The Carfax Fox

Carfax being sued for $50mil by dealerships looking to screw consumers

A group of roughly 120 automotive dealerships around the country have jointly filed a suit against Carfax, alleging that the used car information company supports anti-competitive practices while also violating antitrust laws but the real motive in this lawsuit has more to do with Carfax forcing dealerships to be honest about their products.

According to the folks from Automotive News, a suit filed in U.S. District Court for the Southern District of New York seeks more than $50 million dollars in damages because Carfax is a "monopolist in the sale of vehicle history reports." For those who are unsure of what Carfax does beyond what you see on their cute little television commercials, they are a company who provides full vehicle history reports based on the vehicle identification number (VIN). Literally every time a vehicle is repaired for just about any reason – or any time it has changed ownership - it will show up on a Carfax report. With the Carfax report, you can see how many times a vehicle has been sold, what damage has been done to the vehicle in the past, if it has been in any accidents, etc. As you can imagine, this kind of report may prevent a dealership from selling a used vehicle that has been wrecked and repaired or one that has been owned by an undesirable owner (like a rental car company). This knowledge of a problematic past can also prevent the dealership from getting top dollar for a given used vehicle compared to the same vehicle elsewhere that does not have a questionable past. In short, it forces a dealership to be honest with the consumers about every vehicle sold – protecting consumers from salespeople looking to pull the wool over the eyes of a prospective customer who is considering a vehicle that has dealt with something like flood damage or a major accident. Carfax forces auto dealerships to be honest in their business practices and as you can probably imagine…they aren't too happy about that. Honesty in the car sales world goes over about as well as a toddler with a pet king cobra.

For those who don’t understand why Carfax really matters, let’s say that you are looking to buy a 2005 Saab 9-5 at your local Saab dealership (I’ve picked Saab because they are out of business – not because they are known to have questionable business practices). Your 2005 Saab 9-5 might look fantastic inside and out. It might run and drive great. It might even smell like it is new inside. However, in 2007, your Saab was involved in a flooding situation in which the car was completely under water. After the flooding subsided, the car was sold at auction as inoperable only to be bought up for next to nothing by a guy who owns a body shop. Using junk yard parts, he replaced all of the features damaged by the flooding while also redoing the inside and outside of the car. He did a great job and the car was reliable for him until he traded it in on a newer 9-5 a couple months ago. However, there are still components that were not replaced because they were working just fine but some of those components could be more prone to premature failure. Because of the Carfax history report, you would know all of that information about your 2005 9-5 and you might not care as you are getting a great deal but if you don’t want a flood victim vehicle, you might go elsewhere to buy a used 9-5…or you will use that information to drive down the price of this particular Saab sedan. Without that report, the dealership is free to tell you that the car has never been driven in harsh weather and the condition of the car to the naked eye would confirm that. Carfax empowers the consumer while preventing dealerships from selling problematic vehicles all by providing a vehicle history report. This might sound like a ridiculous example but it is a common practice for shops to buy up inoperable vehicles so fix up and sell…and Carfax makes sure that you know that.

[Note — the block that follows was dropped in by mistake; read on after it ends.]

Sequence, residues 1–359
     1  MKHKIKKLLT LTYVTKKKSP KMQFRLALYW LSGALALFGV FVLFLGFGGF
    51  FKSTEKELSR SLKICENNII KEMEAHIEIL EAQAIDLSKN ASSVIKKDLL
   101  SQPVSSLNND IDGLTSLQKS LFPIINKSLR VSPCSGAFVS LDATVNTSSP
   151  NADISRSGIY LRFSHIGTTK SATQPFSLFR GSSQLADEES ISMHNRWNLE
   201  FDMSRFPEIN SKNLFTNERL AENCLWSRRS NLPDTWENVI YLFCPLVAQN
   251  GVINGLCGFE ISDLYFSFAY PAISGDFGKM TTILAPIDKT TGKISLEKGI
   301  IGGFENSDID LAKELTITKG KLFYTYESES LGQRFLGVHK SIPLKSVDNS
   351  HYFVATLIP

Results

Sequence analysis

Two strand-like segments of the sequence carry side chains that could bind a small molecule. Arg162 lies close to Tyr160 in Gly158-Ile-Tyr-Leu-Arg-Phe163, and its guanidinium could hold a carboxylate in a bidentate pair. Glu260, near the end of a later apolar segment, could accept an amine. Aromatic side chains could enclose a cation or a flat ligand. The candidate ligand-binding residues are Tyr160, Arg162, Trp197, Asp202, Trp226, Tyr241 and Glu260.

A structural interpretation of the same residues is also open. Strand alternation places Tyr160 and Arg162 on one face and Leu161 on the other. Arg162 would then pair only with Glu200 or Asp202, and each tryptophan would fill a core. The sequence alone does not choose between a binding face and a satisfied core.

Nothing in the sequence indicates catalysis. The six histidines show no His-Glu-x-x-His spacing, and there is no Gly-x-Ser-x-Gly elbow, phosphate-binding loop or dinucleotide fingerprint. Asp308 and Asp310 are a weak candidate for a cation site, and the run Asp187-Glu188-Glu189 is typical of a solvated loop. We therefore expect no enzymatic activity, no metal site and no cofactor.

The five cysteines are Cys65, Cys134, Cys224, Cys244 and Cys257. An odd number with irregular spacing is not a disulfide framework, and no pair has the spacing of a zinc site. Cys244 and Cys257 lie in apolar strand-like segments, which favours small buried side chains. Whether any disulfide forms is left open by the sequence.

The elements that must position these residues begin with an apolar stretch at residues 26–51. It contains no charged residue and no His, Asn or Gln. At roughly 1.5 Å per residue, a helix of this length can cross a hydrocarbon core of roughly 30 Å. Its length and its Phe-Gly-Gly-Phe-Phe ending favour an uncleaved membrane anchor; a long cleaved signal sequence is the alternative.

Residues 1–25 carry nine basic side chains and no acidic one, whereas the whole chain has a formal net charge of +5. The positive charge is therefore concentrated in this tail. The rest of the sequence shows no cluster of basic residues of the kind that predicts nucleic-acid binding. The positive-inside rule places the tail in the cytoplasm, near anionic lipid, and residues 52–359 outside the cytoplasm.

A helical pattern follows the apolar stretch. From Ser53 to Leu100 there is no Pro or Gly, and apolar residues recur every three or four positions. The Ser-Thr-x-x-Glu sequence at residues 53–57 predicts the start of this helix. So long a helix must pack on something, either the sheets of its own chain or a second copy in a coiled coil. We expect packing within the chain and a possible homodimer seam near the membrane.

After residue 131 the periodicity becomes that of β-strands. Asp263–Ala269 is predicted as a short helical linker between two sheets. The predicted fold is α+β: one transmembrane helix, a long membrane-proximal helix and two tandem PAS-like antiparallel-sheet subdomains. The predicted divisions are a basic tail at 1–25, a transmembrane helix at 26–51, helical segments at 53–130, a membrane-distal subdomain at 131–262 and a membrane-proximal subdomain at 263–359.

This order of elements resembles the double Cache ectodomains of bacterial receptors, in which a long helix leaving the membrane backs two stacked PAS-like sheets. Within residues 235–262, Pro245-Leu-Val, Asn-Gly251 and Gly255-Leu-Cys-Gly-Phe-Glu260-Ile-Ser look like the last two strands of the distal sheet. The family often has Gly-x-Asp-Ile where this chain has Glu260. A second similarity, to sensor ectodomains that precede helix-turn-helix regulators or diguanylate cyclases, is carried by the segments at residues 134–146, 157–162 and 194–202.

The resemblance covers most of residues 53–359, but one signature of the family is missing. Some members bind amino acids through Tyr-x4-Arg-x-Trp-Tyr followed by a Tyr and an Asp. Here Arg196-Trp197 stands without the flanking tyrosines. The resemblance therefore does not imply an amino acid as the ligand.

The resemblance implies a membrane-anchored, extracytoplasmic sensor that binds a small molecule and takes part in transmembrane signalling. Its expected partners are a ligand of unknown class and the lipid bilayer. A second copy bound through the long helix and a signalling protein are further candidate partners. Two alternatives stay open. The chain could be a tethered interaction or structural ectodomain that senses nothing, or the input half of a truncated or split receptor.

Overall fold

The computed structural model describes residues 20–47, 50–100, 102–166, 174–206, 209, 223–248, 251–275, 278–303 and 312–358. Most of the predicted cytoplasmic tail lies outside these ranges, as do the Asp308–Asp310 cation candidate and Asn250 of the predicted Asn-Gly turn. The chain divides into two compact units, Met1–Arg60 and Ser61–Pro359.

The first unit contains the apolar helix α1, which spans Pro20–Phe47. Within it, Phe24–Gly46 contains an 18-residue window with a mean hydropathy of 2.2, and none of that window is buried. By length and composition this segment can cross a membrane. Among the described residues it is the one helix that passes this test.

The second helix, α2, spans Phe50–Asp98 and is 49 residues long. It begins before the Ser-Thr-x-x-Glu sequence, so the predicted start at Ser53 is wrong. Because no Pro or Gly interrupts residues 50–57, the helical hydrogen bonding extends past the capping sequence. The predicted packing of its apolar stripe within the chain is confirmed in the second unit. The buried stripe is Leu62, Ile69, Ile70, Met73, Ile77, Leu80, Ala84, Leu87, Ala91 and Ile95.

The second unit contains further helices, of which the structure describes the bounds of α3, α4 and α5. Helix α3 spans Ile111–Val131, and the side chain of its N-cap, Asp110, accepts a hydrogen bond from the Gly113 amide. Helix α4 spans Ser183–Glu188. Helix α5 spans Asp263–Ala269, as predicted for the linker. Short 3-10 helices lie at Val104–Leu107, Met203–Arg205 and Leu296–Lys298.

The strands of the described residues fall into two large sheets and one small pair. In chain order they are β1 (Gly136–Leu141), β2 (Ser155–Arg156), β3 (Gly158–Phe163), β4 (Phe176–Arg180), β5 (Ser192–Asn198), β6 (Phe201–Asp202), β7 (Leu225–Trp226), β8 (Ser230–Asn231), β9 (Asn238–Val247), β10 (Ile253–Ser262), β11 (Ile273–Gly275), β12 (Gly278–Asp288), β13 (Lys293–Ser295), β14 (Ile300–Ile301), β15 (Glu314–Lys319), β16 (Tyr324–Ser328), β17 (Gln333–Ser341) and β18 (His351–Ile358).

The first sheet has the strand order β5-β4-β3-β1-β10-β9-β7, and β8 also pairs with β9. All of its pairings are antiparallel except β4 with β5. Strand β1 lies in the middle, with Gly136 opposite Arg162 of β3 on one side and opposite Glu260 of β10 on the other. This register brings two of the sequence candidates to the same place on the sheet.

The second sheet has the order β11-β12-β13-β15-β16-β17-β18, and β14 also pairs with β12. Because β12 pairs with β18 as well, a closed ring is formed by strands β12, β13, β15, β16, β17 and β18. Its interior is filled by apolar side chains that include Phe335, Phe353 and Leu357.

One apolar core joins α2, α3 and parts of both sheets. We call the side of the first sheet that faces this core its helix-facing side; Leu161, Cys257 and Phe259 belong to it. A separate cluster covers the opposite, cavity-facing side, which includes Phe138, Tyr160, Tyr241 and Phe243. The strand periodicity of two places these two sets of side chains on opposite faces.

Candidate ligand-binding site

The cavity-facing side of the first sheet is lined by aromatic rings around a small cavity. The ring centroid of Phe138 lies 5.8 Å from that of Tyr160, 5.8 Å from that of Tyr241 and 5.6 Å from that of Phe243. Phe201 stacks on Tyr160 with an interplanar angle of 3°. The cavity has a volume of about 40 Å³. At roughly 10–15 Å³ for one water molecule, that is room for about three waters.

When I bought my current Dodge Ram 1500, it was just over a year old and we were offered a great deal on the truck. The dealership presented the Carfax which mentioned that the truck had one previous owner and had been in a minor collision. Based on this information, I was able to have a mechanic look over the area that would have been affected by this crash to make sure that the repairs had been done correctly. They had been, and I bought my truck. However, without a vehicle history report, I would not have known about the damage to the truck so I would not have been able to have it inspected before buying – thus increasing my chances of running into problems down the road due to shoddy repairs. For some buyers, the information about the wreck would have been enough for them to look away from that vehicle so it could have cost the dealership the sale. Luckily, the dealership where I bought my truck was quick to hand me a Carfax report early in the shopping process so I was well informed right away.